HP: The field of accelerator physics is very wide. Accelerators are used in physics research, medicine, industry, national security and many others. The thought that my research might be used one day in a modern high-energy accelerator or have an application in everyday life is what keeps me going every day.
SS: Research in STEM is increasingly multi-disciplinary. Which subjects do you use in your work?
HP: Programming is definitely something I get to use every day. Research in physics is not done with pen and paper anymore and I actually do all my work on a computer. I believe that one of the most important non-scientific skills is communication. Sharing the progress and results with collaborators during meetings or conferences, writing emails or doing presentations is necessary. I make at least one presentation per week. Team and collaborative work is one of the foundations of modern scientific work.
SS: What 3 attributes do you consider important to your work (e.g. creativity, team-work, etc), and why did you pick these?
HP: Teamwork and simple communicating with colleagues is key because if we were to work on our own, there would be no progress. Usually when you are facing some problems, you will find that a number of people around you have shared the same struggles and might have helpful pointers. Simply asking questions has saved me so much time already.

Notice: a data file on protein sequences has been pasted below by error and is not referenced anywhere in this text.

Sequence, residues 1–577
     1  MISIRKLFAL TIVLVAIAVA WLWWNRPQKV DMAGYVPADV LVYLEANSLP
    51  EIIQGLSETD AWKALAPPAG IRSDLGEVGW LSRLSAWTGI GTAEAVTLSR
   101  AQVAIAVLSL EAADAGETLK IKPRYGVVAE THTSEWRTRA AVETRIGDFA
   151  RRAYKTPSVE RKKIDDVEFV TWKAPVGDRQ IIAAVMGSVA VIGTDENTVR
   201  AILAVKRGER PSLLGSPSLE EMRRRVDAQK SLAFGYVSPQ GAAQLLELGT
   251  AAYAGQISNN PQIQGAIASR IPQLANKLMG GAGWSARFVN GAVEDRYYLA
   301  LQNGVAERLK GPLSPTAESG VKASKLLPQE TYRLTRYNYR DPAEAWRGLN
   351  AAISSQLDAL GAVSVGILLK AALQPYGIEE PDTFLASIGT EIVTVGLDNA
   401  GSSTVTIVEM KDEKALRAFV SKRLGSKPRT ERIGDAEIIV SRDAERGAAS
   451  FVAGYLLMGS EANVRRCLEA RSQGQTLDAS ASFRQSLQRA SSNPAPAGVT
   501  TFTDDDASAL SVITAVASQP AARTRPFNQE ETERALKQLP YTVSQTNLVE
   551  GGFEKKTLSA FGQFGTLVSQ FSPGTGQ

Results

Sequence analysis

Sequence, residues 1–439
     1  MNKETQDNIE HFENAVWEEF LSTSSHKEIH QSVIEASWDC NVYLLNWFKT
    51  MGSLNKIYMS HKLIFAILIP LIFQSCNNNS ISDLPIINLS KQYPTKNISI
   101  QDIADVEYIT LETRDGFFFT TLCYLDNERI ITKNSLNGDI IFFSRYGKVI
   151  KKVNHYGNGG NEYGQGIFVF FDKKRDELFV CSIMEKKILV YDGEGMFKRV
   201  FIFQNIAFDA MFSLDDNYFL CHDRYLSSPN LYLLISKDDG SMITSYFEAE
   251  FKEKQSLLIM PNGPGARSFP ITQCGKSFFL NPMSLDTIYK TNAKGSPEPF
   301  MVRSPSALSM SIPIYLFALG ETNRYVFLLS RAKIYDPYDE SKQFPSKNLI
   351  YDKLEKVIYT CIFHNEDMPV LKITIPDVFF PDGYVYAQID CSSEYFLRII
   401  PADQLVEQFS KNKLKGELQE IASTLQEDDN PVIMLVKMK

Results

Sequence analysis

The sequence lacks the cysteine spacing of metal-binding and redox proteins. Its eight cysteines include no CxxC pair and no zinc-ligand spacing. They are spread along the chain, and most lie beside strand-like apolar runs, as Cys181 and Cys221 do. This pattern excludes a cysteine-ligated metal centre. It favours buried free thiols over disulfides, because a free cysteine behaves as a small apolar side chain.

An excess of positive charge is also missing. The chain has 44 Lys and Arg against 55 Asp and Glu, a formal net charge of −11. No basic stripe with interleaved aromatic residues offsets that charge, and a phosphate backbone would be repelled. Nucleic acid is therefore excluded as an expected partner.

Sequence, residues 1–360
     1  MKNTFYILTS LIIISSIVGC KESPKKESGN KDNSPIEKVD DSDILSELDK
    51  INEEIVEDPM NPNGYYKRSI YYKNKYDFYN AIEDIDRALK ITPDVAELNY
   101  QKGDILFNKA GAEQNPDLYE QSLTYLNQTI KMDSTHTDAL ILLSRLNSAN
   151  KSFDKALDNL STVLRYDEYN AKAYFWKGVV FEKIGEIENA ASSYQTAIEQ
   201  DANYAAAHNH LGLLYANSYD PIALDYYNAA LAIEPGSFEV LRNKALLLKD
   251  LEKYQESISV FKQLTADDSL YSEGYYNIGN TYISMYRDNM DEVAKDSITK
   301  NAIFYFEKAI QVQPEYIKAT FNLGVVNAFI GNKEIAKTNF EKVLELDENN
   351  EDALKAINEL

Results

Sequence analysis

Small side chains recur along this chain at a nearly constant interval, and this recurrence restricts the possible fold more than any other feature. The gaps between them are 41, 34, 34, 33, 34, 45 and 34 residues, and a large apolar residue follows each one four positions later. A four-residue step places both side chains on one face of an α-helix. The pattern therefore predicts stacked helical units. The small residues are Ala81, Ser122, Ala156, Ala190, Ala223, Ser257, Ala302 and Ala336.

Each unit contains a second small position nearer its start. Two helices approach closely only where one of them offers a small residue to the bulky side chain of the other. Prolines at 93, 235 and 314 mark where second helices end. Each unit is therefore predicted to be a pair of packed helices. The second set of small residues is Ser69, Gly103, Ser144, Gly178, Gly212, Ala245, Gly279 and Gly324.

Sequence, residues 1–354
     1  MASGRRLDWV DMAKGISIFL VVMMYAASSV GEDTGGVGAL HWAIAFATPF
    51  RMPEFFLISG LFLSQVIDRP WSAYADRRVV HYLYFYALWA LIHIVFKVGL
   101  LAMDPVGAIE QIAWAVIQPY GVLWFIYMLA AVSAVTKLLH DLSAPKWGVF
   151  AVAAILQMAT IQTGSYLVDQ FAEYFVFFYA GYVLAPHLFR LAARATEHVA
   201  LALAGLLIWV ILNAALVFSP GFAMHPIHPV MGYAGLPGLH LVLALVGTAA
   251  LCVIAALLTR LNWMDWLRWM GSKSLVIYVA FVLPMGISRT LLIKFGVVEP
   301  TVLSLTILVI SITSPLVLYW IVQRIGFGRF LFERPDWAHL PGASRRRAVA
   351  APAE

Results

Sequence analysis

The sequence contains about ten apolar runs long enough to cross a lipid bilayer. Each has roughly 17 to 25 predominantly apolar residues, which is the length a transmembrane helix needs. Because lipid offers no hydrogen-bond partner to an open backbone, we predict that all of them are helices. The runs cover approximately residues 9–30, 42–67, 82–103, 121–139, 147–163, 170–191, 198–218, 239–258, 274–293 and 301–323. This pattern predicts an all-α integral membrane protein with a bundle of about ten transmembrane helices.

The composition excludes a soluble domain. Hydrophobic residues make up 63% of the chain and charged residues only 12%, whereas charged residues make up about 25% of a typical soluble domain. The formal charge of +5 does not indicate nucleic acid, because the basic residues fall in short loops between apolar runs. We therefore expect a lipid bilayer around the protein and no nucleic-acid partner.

There are times during which nothing seems to work. This difficult situation might go on for weeks or even months. Which is why I think persistence is also a very important attribute.
Lastly, curiosity is the key to research. Doing everything as planned gets lots of work done, but it is not what ultimately leads to discoveries. Often it is the “I wonder what will happen if I do this” that might bring the most exciting results.
SS: If you could change one thing about the scientific culture right now, what would it be?
HP: In my opinion, the scientific culture right now puts a lot of pressure on performance. Overworking and struggles with funding are very common which leads to anxiety and stress. I really wish employers would create a better workspace that would act towards creating a healthy lifestyle and better conditions for family life.
SS: What would be your top recommendation to a female student considering pursuing a career in academia?
HP: As a female student considering pursuing a career in academia myself, I would really appreciate some recommendations too :D. However, one tip from my experience is to get involved in many activities outside of the research itself. That will build networks of people and possibly create future collaborations or give a boost to your future career.
SS: What words of encouragement would you give to children who might be interested in a career in science?
HP: Do you have many different interests? Try them all! Even if you end up not liking them all, you will not regret having tried something new. If you are passionate about something, that is what matters, you will go far.